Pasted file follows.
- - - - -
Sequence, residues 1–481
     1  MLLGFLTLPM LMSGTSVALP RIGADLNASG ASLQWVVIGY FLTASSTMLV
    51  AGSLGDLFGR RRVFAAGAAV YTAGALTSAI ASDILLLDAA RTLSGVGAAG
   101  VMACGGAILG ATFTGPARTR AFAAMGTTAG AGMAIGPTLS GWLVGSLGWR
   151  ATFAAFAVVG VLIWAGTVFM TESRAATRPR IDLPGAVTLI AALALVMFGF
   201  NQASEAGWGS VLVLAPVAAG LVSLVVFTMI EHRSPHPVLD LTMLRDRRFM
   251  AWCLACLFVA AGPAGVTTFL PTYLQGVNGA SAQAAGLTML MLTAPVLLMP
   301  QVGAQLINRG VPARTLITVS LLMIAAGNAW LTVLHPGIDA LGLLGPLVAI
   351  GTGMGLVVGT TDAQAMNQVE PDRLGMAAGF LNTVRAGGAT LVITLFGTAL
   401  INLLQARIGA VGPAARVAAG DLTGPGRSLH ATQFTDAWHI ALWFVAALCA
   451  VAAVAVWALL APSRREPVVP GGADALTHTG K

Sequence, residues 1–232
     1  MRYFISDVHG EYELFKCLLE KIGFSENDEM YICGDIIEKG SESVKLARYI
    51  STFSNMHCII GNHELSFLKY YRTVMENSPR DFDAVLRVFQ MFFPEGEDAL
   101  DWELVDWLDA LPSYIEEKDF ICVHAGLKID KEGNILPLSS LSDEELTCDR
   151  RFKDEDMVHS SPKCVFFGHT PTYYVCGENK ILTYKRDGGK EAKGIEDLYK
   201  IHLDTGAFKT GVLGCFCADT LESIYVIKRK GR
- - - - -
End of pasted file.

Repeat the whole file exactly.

Sequence, residues 1–481
     1  MLLGFLTLPM LMSGTSVALP RIGADLNASG ASLQWVVIGY FLTASSTMLV
    51  AGSLGDLFGR RRVFAAGAAV YTAGALTSAI ASDILLLDAA RTLSGVGAAG
   101  VMACGGAILG ATFTGPARTR AFAAMGTTAG AGMAIGPTLS GWLVGSLGWR
   151  ATFAAFAVVG VLIWAGTVFM TESRAATRPR IDLPGAVTLI AALALVMFGF
   201  NQASEAGWGS VLVLAPVAAG LVSLVVFTMI EHRSPHPVLD LTMLRDRRFM
   251  AWCLACLFVA AGPAGVTTFL PTYLQGVNGA SAQAAGLTML MLTAPVLLMP
   301  QVGAQLINRG VPARTLITVS LLMIAAGNAW LTVLHPGIDA LGLLGPLVAI
   351  GTGMGLVVGT TDAQAMNQVE PDRLGMAAGF LNTVRAGGAT LVITLFGTAL
   401  INLLQARIGA VGPAARVAAG DLTGPGRSLH ATQFTDAWHI ALWFVAALCA
   451  VAAVAVWALL APSRREPVVP GGADALTHTG K

Sequence, residues 1–232
     1  MRYFISDVHG EYELFKCLLE KIGFSENDEM YICGDIIEKG SESVKLARYI
    51  STFSNMHCII GNHELSFLKY YRTVMENSPR DFDAVLRVFQ MFFPEGEDAL
   101  DWELVDWLDA LPSYIEEKDF ICVHAGLKID KEGNILPLSS LSDEELTCDR
   151  RFKDEDMVHS SPKCVFFGHT PTYYVCGENK ILTYKRDGGK EAKGIEDLYK
   201  IHLDTGAFKT GVLGCFCADT LESIYVIKRK GR